There has never been a better time to end the “ludicrous, divisive and expensive experiment of the market in healthcare in England,” the British Medical Association (BMA) has told the new Health Secretary, Andy Burnham.

Ministers must also cut out waste and unnecessary expense in the NHS and admit when policies have not worked, Dr Hamish Meldrum, chairman of council at the BMA, told the Association’s annual representative meeting in Liverpool this week.

“Don’t cling to failed policies just because you think you might lose face if you are seen to have changed your mind. It’s a sign of strength, not weakness, to admit that new circumstances need new policies,” he advised ministers.

Dr Meldrum also urged all political parties to “be honest with the public and the profession. Stop trying to outbid each other about who’s going to spend more or cut less. It’s not a very edifying spectacle and the public and the profession have seen through the charade that seems to happen every time an election is looming.”

“The profession is ready to work with whichever governments are in power, to look at the hard choices, to make the tough decisions but on the basis of evidence, fairness, equity and trust, not just as apologists for another round of failed policies,” he said.

Pressures on NHS funding will intensify in the months ahead, he warned delegates. “The NHS is facing some of the biggest and most serious challenges ever, as we move from a period of sustained growth in resources to one of, at best, stagnation in funding, and at worst, stringency, hardship and even cuts, in our health service,” he said, and called for a whole-system, across-government approach to improve the health of the public, with every citizen involved from the Prime Minister downwards. This is the only way to slow the inexorable rise in pressure on our “National Illness Service” and cope with the financial and clinical challenges that lie ahead, he stated.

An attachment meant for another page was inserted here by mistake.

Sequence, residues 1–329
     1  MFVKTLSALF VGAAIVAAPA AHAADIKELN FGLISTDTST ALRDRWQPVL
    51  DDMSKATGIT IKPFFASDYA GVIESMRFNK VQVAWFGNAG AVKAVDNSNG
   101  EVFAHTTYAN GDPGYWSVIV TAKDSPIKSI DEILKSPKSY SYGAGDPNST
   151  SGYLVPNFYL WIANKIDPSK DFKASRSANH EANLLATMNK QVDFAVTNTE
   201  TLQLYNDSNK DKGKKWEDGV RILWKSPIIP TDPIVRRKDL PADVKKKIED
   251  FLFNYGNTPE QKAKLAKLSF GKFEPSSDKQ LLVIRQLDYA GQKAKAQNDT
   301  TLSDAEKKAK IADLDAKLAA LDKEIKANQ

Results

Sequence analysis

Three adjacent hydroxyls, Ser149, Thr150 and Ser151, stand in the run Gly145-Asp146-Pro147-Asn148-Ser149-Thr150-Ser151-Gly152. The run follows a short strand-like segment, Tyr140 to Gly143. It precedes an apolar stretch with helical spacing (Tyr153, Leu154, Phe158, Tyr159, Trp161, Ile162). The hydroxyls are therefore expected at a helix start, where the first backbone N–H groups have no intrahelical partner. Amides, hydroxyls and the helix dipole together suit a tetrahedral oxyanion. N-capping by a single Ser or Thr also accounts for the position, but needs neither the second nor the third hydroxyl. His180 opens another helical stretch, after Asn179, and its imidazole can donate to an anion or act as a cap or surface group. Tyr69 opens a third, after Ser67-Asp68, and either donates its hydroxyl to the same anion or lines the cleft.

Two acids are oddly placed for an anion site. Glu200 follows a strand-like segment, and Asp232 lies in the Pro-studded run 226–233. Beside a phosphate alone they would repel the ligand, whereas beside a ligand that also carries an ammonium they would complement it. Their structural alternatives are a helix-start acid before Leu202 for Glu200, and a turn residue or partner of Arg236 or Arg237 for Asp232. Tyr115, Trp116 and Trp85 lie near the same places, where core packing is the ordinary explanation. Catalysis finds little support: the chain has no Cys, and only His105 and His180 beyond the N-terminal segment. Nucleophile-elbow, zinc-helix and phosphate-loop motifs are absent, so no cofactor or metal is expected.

'Extreme concern'
The findings of opinion polls released by the BMA ahead of the conference show that doctors are “extremely concerned” about the impact of the independent sector on healthcare and that the public is worried about future funding of the health service in light of the recession.

94% of doctors responding to a poll for BMA News said they were worried about the future of their local health services if they were left to market forces, and 86% did not think the provision of NHS services by commercial companies was a good idea.

And, according to a nationwide public opinion poll conducted for the BMA, 77% of the public believes that cuts should be made in other government departments to protect NHS funding. When asked if taxes should increase to maintain the growth of NHS funding, 40%, agreed.

90% of respondents told the poll they feared that services could be cut, 85% believe there will be more charges for NHS services and 80% thought the NHS should prioritise funding for the most important services.
While 59% people responding to the poll said they supported private involvement in the NHS, 47% said there should be no further contracts for commercial companies to provide NHS services and 55% felt that the NHS internal market, where hospitals and general practitioners (GPs) compete, should be abolished.